By introducing and optimizing streaming of videos, and expanding into TV series production, they are rising further up the slope on the new curve.  Those brick and mortar stores that were so good at the old model?  Go try to find one. By putting the movies, the data, into the cloud, and changing the distribution model, Netflix was able to make more innovations in customer service, pricing, and content, and they were able to make those innovations faster than their competitors because of the new technology platform.  Now, with "smart” TVs, a lot of people don't even use the DVD player anymore.

Matching Cost, Redirecting Capital

So, combine 3D printing with robotics and simulation software in a foundry, and you get a similar opportunity. 3D printing now can match production costs in the range of traditional methods for making low-volume castings, but the capital cost for tooling is invested in the 3D printer, not in dedicated tooling. 

Design costs drop to the point that set-based engineering can be an affordable reality. This means that in-house engineers can carry parallel design concepts to further maturity with faster cycle time, for the same costs.  Eliminating your need for tooling means that your customers can make design changes during the life of a product — improving profitability, limiting a recall, making improvements through the service spares. 

Foundries that can work with their customers this way can capture a design early in the concept phase, and support manufacturing all the way to end of life, all while reducing the need for high inventory levels, or storing that inventory and tooling for the entire service life of the product.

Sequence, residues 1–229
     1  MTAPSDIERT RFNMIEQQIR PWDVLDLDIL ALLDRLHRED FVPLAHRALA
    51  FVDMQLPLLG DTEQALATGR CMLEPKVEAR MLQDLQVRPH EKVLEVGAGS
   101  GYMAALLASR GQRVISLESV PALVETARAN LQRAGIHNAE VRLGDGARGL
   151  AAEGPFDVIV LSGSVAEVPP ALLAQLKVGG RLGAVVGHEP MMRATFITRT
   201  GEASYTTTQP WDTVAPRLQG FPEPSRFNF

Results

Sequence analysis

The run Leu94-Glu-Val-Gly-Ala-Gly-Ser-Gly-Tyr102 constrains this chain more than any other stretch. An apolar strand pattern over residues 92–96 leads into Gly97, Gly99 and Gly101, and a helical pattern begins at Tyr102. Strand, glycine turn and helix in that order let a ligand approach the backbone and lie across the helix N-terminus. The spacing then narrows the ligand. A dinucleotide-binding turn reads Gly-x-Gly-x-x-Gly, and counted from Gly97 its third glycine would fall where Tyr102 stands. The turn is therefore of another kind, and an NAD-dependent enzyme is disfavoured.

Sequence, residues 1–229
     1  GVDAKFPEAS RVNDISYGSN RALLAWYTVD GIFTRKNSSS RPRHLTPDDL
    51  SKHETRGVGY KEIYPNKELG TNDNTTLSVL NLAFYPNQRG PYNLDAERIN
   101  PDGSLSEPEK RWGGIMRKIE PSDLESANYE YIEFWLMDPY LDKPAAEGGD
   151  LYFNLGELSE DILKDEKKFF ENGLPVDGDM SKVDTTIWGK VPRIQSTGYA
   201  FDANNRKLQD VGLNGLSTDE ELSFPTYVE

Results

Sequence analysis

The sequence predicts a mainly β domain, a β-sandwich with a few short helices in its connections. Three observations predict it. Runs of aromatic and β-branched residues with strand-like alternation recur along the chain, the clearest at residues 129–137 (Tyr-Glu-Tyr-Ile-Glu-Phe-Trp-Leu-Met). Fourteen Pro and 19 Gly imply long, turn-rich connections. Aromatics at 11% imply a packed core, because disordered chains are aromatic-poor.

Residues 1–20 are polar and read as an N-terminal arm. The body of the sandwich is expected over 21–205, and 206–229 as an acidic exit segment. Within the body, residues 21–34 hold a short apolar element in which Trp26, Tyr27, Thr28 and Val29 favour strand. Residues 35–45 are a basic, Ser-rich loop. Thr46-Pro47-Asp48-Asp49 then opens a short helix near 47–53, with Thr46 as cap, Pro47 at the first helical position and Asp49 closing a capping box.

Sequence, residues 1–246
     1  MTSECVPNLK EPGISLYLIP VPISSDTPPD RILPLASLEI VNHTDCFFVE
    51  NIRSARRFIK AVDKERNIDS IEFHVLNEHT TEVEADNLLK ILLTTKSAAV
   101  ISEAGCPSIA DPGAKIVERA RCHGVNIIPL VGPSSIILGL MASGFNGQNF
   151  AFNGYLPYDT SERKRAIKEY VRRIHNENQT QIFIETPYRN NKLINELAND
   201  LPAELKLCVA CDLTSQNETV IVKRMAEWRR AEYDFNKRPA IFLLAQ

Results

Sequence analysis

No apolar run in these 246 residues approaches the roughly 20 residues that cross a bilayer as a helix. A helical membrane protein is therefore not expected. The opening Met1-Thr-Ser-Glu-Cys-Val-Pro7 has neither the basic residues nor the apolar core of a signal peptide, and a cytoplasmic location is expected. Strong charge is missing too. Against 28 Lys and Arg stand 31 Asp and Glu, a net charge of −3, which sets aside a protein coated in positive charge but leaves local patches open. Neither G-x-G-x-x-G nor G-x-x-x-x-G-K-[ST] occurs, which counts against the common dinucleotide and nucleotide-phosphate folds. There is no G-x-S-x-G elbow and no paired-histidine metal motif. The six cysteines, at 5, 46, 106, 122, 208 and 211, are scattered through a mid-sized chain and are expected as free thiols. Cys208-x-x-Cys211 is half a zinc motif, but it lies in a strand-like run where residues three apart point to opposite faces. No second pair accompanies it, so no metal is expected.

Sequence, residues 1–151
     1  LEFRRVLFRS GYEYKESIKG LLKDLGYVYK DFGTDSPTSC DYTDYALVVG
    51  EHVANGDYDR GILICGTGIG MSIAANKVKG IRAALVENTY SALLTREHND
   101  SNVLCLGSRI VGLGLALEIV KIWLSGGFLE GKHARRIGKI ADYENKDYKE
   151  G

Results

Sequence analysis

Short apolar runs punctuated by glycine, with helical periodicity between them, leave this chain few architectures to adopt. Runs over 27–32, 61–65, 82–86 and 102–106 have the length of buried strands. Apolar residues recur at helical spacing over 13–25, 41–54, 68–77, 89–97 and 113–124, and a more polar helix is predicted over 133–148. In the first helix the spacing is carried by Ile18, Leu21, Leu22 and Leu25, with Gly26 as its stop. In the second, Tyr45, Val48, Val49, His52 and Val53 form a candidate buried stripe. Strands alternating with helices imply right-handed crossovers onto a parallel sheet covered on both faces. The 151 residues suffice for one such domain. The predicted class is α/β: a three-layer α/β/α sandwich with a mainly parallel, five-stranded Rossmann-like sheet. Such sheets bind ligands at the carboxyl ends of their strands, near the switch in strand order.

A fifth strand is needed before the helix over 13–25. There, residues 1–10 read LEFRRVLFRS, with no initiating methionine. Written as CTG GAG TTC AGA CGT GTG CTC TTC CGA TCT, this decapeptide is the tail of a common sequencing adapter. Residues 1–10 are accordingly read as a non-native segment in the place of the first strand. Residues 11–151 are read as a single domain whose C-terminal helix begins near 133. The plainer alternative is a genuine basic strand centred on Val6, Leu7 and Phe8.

Also, 3D printing and cloud data are making localized production a reality.  Just as businesses that are listed online get more visibility than those that are only listed in the phone book, those who are integrating new technology now will be the ones who thrive in the future.

By being able to print the molds, cores, tooling, or parts where they are needed, when they are needed, you are eliminating more than tooling costs and inventory.  Imagine telling your boss you can save the company $500,000 in freight and import duties, on one production part. How does that work?  Let’s say you need to make 500 parts over a few years and that they get shipped internationally.  If that's normally cast all at once, warehoused, and shipped on demand to five different continents as needed, then you are probably paying about $1,000 per piece in freight, on average. 

Now, imagine that you can email a mold pack through your network of qualified vendors, and have it printed with the gating, vents, etc., already in the right place.  The part gets poured and finished at the foundry closest to the point of us.  No import duty as it was “made locally." 

Vendors who are working with approved robotic machining, welding, and digital inspection tool will be sought after as they prove how they can vastly simplify logistics nightmares that have been accepted as the status quo.

Robotics, 3D printing, and cloud computing – they let you improve the rate that you can make those innovations that will accelerate the growth of your business. 

Will Shambley is the president of Viridis3D LLC, developers of additive manufacturing technology for producing sand molds and cores. Contact him at LinkedIn. Learn more at